When Daisuke Aso gave up his life as a police officer to pursue investigating paranormal activities, he was stricken with an allegory that threatens to kill him. Being the physical manifestation of what one fears, allegories can take on a variety of forms, including chainsaw wielding murderers or fish-faced mutants.
Conceived by Sakae Esuno of Future Diary fame, Hanako and the Terror of Allegory is actually one of the author’s earliest works. Considering the sadistic nature of his later series, readers will no doubt have little trouble seeing the origins of his offbeat narrative, as the subject matter allows for plenty of opportunities to push the envelope.
Interestingly enough, volume 2 kicks off on a funny note, with Aso’s secretary kanae, making a pact with a demon for fame in exchange for her soul. From there, the story turns into a comedic parody of the Faustian legend as Kanae does everything in her power to put off handing over her soul, eventually turning the tables on the demon when she convinces him he hasn’t actually fulfilled her wish at all.
After that, the series dives back into more serious subject matter, as Aso combats several different allegories while struggling to prevent his own from coming to pass. Much of the first half of the volume is a rehash of volume one, with the second half opening the story up to greater possibilities. The final chapter especially is a page turner and the last few pages show exactly what Esuno is capable of when given the opportunity to explore his imagination.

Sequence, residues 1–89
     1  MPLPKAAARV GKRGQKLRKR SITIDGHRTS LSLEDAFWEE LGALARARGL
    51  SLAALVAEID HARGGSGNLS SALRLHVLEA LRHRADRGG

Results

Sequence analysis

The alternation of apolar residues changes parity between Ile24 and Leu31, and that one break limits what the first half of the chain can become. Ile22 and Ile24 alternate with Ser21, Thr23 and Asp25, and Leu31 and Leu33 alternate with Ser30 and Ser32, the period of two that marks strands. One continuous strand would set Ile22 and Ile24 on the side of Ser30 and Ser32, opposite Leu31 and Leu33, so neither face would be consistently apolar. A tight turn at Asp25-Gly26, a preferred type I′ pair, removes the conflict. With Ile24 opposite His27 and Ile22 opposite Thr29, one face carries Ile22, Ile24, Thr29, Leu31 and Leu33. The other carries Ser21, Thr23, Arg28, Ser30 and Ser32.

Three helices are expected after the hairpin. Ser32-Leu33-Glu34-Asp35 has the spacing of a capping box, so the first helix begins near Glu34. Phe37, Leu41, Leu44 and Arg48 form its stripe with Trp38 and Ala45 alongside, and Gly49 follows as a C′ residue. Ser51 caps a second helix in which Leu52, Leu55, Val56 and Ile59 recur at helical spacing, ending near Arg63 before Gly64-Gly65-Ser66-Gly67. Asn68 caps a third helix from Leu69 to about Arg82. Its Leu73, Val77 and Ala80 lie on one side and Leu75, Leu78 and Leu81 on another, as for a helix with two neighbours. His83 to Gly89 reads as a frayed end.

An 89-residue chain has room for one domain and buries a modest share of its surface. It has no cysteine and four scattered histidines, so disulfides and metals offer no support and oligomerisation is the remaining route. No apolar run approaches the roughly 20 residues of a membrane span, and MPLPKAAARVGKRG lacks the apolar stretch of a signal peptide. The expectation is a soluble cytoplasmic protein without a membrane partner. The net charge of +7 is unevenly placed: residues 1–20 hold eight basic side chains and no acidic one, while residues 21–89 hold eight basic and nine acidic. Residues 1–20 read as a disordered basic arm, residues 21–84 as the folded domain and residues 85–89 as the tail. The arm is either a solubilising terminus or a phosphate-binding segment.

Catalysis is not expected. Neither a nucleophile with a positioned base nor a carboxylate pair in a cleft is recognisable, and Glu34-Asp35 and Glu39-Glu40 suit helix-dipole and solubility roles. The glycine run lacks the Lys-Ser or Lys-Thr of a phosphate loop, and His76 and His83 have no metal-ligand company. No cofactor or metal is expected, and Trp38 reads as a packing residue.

The artwork is a notch above that of volume one but is still falls short of Esuno’s currents work. The style is angular and taylor made for animation. One can really get a sense for Esuno’s enthusiasm given the amount of detail poured into every demon’s design.
Hanako and the Terror of Allegory volume 2 improves on the foundations set up in the first volume. Despite a slow start, the series manages to find its groove by the middle and is hitting on all cylinders by the final pages. Given Esuno’s knack for unrestrictive storytelling, one can only imagine what the future has in store. The third volume can’t come soon enough.